Adoptive Families in a Diverse Society

By Katarina Wegar | Go to book overview

NOTES ON
CONTRIBUTORS

SANDRA T. AZAR is a professor in the child clinical psychology program at the Pennsylvania State University. She has published extensively on issues related to child custody, adult development and parenting, sociocultural issues and parenting, child welfare, and child abuse and neglect. She has written about evaluating parenting competency when parents are from diverse backgrounds, assessment and treatment with child-maltreating parents, outcomes in children exposed to abuse and neglect, and parenting practices in diverse families. She has held a liberal arts fellowship at Harvard Law School and received a federal grant examining a cognitive behavioral model of child-rearing risk and intergenerational transmission of that risk.

JULIE BEREB1TSKY is associate professor of history and director of the women’s studies program at the University of the South in Sewanee, Tennessee. Her last book was Like Our Very Own: Adoption and the Changing Culture of Motherhood, 1851–1950 (2000).

HEATHER DALMAGE is associate professor of sociology at Roosevelt University in Chicago. Dalmage’s book Tripping on the Color Line: Black-White Multiracial Families in a Racially Divided World (2000) explores the racial thinking of interracially married, transracially adopted, and multiracial people. She has appeared on MSNBC and ABC to discuss multiracialism. Her upcoming edited volume, The Politics of Multiracialism, explores the origins, content, and outcomes of the multiracial movement. In 1998 she successfully organized the first national conference to explore the social justice implications of the growing multiracial movement. She was awarded the Elizabeth Balanoff award for outstanding faculty for 1998–1999. Dalmage is currently a board member for the Chicago Council on Urban Affairs, a nonprofit organization dedicated to eradicating discrimination and inequality.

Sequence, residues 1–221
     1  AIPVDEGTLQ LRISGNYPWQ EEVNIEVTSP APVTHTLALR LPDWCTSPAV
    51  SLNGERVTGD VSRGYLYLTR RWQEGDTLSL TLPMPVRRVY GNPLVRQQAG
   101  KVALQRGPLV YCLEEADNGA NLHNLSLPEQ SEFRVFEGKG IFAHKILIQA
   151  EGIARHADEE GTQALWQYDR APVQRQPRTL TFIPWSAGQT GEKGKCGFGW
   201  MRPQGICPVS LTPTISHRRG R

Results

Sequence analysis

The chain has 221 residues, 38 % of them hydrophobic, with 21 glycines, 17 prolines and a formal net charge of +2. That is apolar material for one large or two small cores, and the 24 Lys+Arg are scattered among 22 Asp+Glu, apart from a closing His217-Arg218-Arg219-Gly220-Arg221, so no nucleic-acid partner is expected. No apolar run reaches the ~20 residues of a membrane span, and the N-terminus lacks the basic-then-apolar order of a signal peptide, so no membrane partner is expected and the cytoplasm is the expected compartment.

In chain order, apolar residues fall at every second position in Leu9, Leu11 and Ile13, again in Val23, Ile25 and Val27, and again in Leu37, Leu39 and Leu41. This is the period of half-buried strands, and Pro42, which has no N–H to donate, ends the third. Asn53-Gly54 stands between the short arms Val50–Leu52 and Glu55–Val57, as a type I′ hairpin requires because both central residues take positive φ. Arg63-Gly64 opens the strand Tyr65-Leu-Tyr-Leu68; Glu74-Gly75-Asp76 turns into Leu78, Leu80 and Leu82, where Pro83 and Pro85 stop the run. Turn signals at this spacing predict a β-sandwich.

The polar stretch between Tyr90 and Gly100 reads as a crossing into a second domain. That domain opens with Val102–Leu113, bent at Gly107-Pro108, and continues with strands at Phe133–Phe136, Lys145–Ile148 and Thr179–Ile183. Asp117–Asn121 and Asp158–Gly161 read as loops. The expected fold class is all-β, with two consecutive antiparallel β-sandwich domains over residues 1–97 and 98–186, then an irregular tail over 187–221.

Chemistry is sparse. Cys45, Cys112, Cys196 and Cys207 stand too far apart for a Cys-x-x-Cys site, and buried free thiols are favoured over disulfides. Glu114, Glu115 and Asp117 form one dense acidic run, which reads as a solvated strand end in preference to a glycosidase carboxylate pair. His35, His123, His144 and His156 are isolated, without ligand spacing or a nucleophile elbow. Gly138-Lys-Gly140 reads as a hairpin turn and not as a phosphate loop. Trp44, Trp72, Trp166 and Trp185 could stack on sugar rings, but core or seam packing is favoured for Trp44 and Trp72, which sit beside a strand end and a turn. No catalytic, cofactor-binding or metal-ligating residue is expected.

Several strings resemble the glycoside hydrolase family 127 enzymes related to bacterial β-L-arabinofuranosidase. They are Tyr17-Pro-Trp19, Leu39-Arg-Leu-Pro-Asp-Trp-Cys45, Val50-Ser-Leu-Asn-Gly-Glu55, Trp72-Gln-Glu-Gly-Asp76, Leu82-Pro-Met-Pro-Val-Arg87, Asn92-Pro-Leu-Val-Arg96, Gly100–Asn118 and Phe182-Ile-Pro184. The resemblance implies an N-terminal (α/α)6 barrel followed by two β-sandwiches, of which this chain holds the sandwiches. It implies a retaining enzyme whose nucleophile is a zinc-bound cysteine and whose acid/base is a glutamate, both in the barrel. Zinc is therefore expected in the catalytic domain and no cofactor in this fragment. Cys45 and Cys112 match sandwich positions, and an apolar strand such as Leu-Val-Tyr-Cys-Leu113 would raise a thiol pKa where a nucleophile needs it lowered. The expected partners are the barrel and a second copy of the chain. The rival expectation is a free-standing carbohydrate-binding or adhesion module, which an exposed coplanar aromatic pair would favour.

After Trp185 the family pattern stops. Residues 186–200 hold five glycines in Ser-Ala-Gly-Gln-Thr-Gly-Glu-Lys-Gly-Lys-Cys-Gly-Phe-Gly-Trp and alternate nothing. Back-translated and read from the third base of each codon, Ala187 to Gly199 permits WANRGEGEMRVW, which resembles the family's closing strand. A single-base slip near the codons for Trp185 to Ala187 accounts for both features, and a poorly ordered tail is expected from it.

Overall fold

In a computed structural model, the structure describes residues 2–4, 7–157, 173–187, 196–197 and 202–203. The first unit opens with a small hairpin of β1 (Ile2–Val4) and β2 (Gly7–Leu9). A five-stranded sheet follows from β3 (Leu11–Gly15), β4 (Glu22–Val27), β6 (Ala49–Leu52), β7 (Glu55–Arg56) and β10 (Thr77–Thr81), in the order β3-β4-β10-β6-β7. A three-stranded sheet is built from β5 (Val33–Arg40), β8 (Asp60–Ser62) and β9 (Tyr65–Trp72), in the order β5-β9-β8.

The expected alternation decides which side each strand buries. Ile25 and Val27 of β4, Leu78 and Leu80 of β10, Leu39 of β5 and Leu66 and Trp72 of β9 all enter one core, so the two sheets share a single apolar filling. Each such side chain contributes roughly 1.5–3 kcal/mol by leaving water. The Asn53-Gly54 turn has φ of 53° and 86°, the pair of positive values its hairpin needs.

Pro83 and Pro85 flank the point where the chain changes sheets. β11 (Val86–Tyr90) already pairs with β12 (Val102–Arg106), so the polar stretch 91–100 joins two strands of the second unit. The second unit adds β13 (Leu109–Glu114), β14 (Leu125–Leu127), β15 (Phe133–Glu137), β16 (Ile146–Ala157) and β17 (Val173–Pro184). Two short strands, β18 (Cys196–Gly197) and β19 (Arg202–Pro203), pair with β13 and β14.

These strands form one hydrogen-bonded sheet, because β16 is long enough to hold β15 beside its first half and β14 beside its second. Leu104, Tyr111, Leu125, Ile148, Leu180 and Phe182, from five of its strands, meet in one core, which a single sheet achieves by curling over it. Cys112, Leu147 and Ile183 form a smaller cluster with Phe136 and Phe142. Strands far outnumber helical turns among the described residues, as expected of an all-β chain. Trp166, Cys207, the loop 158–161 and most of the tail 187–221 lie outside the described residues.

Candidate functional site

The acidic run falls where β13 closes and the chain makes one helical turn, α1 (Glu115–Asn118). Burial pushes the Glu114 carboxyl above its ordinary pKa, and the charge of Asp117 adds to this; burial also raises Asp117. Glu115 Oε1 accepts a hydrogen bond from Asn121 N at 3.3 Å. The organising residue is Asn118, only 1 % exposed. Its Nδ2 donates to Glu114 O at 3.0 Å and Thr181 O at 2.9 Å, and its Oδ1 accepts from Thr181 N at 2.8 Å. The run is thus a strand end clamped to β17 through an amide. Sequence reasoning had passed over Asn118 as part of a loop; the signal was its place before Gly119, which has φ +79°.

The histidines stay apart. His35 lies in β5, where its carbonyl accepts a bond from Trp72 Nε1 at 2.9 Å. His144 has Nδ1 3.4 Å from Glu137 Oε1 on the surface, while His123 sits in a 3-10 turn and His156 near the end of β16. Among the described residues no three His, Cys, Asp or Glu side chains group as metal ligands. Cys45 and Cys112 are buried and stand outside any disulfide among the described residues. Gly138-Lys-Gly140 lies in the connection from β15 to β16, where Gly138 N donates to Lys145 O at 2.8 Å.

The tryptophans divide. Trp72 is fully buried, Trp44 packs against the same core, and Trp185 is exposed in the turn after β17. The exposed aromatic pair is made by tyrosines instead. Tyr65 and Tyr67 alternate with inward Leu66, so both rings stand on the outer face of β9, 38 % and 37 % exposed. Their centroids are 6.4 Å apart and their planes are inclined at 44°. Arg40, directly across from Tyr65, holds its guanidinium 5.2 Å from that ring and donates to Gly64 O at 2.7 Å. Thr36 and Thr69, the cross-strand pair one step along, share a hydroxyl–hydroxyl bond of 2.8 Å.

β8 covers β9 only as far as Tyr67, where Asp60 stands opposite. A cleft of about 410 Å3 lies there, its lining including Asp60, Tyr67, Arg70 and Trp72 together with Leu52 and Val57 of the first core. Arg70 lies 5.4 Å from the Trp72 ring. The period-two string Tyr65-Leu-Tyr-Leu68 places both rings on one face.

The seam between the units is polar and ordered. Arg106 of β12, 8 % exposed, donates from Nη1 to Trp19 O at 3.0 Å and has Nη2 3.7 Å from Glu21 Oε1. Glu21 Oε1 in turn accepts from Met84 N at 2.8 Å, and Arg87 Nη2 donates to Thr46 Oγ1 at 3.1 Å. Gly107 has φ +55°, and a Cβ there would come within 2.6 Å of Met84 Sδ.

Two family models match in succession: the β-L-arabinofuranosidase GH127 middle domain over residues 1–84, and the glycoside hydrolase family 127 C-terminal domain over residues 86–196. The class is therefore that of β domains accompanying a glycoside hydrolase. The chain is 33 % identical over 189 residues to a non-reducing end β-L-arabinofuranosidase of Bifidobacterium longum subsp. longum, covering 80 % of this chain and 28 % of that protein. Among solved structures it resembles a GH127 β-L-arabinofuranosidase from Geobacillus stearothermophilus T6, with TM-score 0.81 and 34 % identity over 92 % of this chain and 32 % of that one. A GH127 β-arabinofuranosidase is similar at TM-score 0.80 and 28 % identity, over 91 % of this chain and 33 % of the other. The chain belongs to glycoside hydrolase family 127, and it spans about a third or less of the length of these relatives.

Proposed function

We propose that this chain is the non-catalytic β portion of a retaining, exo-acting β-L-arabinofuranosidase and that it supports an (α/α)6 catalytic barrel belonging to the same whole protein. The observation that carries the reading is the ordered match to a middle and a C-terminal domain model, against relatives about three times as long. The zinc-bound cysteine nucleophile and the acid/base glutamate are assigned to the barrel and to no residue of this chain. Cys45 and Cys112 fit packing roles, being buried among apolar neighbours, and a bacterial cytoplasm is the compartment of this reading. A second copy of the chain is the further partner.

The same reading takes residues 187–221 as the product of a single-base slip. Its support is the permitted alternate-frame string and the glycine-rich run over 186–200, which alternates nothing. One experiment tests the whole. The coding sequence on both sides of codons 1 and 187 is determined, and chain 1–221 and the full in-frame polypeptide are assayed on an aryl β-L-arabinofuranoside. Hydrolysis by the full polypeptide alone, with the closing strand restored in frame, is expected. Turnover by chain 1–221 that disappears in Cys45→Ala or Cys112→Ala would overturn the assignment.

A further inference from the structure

JACK DEMICK is a psychologist associated with the Center for the Study of Human Development, Brown University, Brown Medical School, and Psychiatric Physician Consultants of Rhode Island. He has published extensively on issues of

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